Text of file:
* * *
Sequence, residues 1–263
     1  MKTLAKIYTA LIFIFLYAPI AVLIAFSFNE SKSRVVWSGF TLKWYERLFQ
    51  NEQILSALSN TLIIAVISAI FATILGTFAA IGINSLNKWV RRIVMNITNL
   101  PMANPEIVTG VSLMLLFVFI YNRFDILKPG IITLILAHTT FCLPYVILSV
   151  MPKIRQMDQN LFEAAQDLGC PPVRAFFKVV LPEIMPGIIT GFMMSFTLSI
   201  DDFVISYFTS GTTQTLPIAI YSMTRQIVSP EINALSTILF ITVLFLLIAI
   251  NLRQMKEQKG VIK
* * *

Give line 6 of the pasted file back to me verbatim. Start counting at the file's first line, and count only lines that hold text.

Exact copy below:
   201  DDFVISYFTS GTTQTLPIAI YSMTRQIVSP EINALSTILF ITVLFLLIAI